How to Create LVM Partition in Linux (Step by Step)

LVM (Logical Volume Manager) is the recommended way to manage disk or volume in Linux system. One of the major benefits of LVM partitions is that we can extend their size on the fly without any down time.

In this post, we will learn how to create LVM partition in linux step by step. For demonstration purpose, I have attached 10 GB disk to my Ubuntu system and will create lvm partition on it. Let’s deep dive into the steps.

Step 1)  Identity Disk and Create Physical Volume (PV)

Login to Linux system and look for newly attached disk or free disk. Run ‘sudo fdisk -l’ command

$ sudo fsdik -l

Output

Find-disk-fdisk-l-command

As we can clearly see that we have a disk of 10 GB (/dev/sdb) which have no partition and available as raw disk. So, let’s create physical volume (pv) using following command.

Syntax:

$ sudo pvcreate  <disk1> <disk2> … <diskN>

$ sudo pvcreate /dev/sdb
Physical volume "/dev/sdb" successfully created.
$

Note:  In case pvcreate command is not available in Ubuntu system then install lvm2 package using following apt command.

$ sudo apt install lvm2 -y

Verify the PV status using following commands.

$ sudo pvscan
Or
$ sudo pvs
Or
$ sudo pvdisplay /dev/sdb

Output of above commands,

pvscan-command-linux

Step 2) Create Volume Group (VG)

Creating volume group (vg) means adding physical volume (pv) to vg. Run beneath command to create volume group,

Syntax:

$ sudo vgcreate  <vg_name>  <pv> <physical volume>

So, in our case, command would be

$ sudo vgcreate vg01 /dev/sdb
  Volume group "vg01" successfully created
$

Verify the volume group status using following commands,

$ sudo vgscan
Or
$ sudo vgs
Or
$ sudo vgdisplay vg01

Output

Vgdisplay-Command-Linux

Above output confirm that volume group vg01 has been created successfully and size of each physical extent is 4 MB (this is the default size).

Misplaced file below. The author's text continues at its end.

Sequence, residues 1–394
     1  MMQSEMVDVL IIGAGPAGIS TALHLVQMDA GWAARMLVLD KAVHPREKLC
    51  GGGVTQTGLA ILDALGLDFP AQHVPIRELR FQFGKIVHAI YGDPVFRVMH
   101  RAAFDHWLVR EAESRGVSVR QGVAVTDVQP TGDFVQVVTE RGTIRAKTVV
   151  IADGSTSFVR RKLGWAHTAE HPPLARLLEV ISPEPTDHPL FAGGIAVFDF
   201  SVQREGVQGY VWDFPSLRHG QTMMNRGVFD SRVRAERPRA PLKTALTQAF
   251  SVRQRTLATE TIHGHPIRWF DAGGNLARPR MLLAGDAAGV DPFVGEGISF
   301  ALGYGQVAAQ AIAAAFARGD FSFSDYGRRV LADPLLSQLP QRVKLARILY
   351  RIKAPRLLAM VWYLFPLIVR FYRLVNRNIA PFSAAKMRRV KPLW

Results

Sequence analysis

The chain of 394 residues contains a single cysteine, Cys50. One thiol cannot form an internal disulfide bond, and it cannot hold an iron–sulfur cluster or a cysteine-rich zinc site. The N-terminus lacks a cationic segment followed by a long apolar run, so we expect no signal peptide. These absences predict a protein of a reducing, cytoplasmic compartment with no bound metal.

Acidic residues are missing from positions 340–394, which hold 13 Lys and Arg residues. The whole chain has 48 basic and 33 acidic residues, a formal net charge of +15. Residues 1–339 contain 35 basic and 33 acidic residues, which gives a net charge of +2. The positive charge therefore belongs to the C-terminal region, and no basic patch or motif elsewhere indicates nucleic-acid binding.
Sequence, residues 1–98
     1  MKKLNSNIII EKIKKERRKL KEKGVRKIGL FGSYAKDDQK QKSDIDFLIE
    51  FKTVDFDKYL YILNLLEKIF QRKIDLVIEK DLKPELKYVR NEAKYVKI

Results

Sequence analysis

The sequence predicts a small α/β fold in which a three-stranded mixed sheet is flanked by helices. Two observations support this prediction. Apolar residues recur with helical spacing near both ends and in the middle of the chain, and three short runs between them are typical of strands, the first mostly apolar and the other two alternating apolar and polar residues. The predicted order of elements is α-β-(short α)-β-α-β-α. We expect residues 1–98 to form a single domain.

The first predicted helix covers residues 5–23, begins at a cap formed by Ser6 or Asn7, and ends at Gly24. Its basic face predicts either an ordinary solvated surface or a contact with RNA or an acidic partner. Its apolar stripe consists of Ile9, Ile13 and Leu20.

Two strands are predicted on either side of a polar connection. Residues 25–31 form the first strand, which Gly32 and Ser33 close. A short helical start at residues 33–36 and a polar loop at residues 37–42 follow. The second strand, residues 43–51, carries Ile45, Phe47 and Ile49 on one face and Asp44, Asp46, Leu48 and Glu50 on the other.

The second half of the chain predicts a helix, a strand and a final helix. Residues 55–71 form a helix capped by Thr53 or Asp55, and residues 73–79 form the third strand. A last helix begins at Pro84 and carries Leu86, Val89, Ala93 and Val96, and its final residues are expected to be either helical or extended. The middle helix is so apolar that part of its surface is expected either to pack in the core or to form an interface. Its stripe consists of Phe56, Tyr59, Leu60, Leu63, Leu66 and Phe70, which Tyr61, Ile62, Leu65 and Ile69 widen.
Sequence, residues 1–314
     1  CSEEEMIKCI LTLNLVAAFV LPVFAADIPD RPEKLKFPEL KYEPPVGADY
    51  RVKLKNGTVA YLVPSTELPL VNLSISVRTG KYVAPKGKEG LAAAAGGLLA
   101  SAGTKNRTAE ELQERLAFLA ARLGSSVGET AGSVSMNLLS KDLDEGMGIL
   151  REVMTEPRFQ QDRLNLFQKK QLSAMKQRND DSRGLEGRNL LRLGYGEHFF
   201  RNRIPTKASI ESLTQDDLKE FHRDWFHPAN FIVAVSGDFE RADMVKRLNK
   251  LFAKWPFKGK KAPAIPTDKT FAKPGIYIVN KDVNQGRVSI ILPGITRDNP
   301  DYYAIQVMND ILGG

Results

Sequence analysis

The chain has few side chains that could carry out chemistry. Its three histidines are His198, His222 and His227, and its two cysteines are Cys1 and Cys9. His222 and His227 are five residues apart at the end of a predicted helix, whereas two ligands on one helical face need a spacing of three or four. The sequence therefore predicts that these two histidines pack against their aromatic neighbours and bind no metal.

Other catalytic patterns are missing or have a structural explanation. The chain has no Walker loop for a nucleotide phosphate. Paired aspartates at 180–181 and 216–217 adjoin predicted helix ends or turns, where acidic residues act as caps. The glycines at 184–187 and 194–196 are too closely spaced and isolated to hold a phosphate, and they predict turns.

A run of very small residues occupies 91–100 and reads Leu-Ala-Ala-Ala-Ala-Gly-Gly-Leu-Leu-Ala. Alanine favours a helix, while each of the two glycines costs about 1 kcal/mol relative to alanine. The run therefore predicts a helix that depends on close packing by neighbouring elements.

Step 3) Create Logical volume (LV) from Volume Group (VG)

To create a logical volume (lv) from volume group (vg), use following command

Syntax:

$ sudo lvcreate -L <Size> -n <lv_name>  <vg_name>

In our case, I would be creating a lv of size 10 GB with name ‘lv01’.

$ sudo lvcreate -L 9.99G -n lv01 vg01
  Rounding up size to full physical extent 9.99 GiB
  Logical volume "lv01" created.
$

Verify the logical volume status by running following commands,

lvdisplay-command-linux

Perfect, above output shows that lv has been created successfully. So, to start using this lvm partition, first we must format it.

Step 4) Format LVM partition

To format LVM partition, we can use mkfs command. In this demonstration, I am formatting the lvm partition with ‘ext4’ file system.

Syntax:

$ sudo mkfs.ext4 <LV_Path>

$ sudo mkfs.ext4 /dev/vg01/lv01

Output:

Format-LVM-Partition-Linux

Above output shows that lvm has been formatted with ext4 filesystem successfully. To access this file system, create a mount point using mkdir command and mount it.

$ sudo mkdir /data
$ sudo mount /dev/vg01/lv01  /data

Verify the mount using following df command

$ sudo df -Th /data
Filesystem                            Type    Size     Used    Avail    Use%    Mounted on
/dev/mapper/vg01-lv01     ext4    9.8G     37M     9.3G    1%       /data
$

Great, above output confirms that LVM partition is mounted on /data directory. For permanent mounting append following entry in /etc/fstab file.

$ echo '/dev/vg01/lv01  /data  ext4  defaults 0 0' | sudo  tee -a /etc/fstab

That’s all from this post, I hope you have found it informative and insightful. Please do share your feedback and queries in below comments section.

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